10 rules to guide you through testing new business ideas

I won’t go into how testing concepts prior to investment or full-blown execution is important. You probably know this already or else you would not land here.
What strikes me as odd though is that i have not come across much material about how to go about testing. So here is a short-list that i have to realize summarizes the most common pitfalls:
1. Test the product’s core statement
Focus on the essence of the service. Strip it down from all possible bells and whistles and try to confirm or reject the basic hypothesis about the project.
Essentially try to answer two questions:
a. which problem is the product solving?
b. is this problem important enough for the target group? (to look for it, to return to it, to pay for it)
If either (a) or (b) are not a 100% YES, then you are sure to fail. No doubt about it.
2. Get more educated on the subject
Assuming that (1) is covered then you need to accept that you don’t know as much as you should about the problem you are trying to solve.
For example, let’s say you want to develop a video aggregation service for sports lovers as there is so much sport in the world. And you go through step 1 and the need for a solution is indeed validated. So let’s say that you develop a vision to create an elaborate algorithm to gather data from various sources and incorporate also machine-learning to personalize the service. Stop. First find out what matters most to your target group. What is it that they are lacking now? You should not answer this based on yourself as this would be the equivalent of running a survey with a focus group of one person.
The biggest risk here is to focus on the wrong features, waste time and energy on developing, let’s say, machine learning technology to optimize personalized ranking of videos to find out that users care about something so specific that could be easily pinpointed without the need of developing a self-improving mechanism. Once you research a bit, then you will be in a position to design and build an MVP.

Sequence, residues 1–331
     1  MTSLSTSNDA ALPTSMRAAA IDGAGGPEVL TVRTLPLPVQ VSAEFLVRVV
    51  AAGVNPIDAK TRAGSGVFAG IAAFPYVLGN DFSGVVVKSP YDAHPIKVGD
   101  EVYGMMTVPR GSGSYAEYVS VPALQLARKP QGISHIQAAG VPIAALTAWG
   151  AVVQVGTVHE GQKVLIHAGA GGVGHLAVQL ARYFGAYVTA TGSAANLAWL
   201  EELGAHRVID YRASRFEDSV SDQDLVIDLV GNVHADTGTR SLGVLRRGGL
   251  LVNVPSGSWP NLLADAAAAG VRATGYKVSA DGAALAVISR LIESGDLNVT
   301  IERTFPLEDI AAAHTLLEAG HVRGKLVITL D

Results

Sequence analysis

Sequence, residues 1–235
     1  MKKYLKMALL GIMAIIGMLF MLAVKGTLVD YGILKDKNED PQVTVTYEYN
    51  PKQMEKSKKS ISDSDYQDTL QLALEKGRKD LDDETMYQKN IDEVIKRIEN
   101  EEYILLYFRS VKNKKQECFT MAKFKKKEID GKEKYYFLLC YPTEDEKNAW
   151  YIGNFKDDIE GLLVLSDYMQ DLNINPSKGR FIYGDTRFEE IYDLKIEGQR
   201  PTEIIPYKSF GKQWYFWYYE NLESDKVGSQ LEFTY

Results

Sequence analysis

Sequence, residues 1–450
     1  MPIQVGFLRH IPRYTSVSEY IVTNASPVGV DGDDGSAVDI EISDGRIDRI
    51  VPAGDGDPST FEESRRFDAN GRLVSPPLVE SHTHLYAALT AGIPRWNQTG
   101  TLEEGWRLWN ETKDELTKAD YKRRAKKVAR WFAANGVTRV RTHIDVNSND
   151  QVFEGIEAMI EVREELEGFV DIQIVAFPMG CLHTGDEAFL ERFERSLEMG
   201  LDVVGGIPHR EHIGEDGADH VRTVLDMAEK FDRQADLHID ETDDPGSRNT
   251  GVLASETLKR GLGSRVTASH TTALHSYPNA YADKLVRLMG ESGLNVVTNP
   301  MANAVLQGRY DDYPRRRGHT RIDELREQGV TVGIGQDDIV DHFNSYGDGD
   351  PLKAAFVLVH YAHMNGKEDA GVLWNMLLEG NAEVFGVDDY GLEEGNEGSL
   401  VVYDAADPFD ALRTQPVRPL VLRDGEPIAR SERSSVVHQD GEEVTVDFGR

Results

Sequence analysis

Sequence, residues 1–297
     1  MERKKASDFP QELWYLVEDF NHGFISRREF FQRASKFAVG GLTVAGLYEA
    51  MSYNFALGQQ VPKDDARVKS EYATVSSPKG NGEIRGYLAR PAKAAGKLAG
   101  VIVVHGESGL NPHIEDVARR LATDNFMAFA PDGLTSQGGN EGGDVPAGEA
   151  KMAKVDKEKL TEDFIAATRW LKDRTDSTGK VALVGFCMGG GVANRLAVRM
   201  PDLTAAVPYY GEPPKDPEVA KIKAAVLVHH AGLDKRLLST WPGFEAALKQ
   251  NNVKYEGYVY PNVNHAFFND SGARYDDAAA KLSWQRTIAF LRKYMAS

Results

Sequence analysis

3. Build a prototype (MVP)
In the example above, just do the service manually. Build a tool to facilitate a person to manually place videos in a playlist. You don’t have the time to do it, hire someone. It will cost you far less than building a machine to do it. Also chances are that the person will do the work better than the algorithm will anyway. Do a small ad campaign and direct traffic to a site showing the editor’s playlist of sports videos. Then you study visitors’ behavior: average time on site, number of pageviews per visit, how many visitors actually return, etc. If the concept is interesting it will show some positive signs. In case you believe that personalization is key to the service and the one-editor-for-all approach does not do justice to the concept, then segment users really finely. In the spots video aggregation example, target fans of a particular team in a specific sport. Then the editor should focus on that team, and safely assume that the playlist would be as good as a personalized one for the particular target group.
4. Design a test for maximum knowledge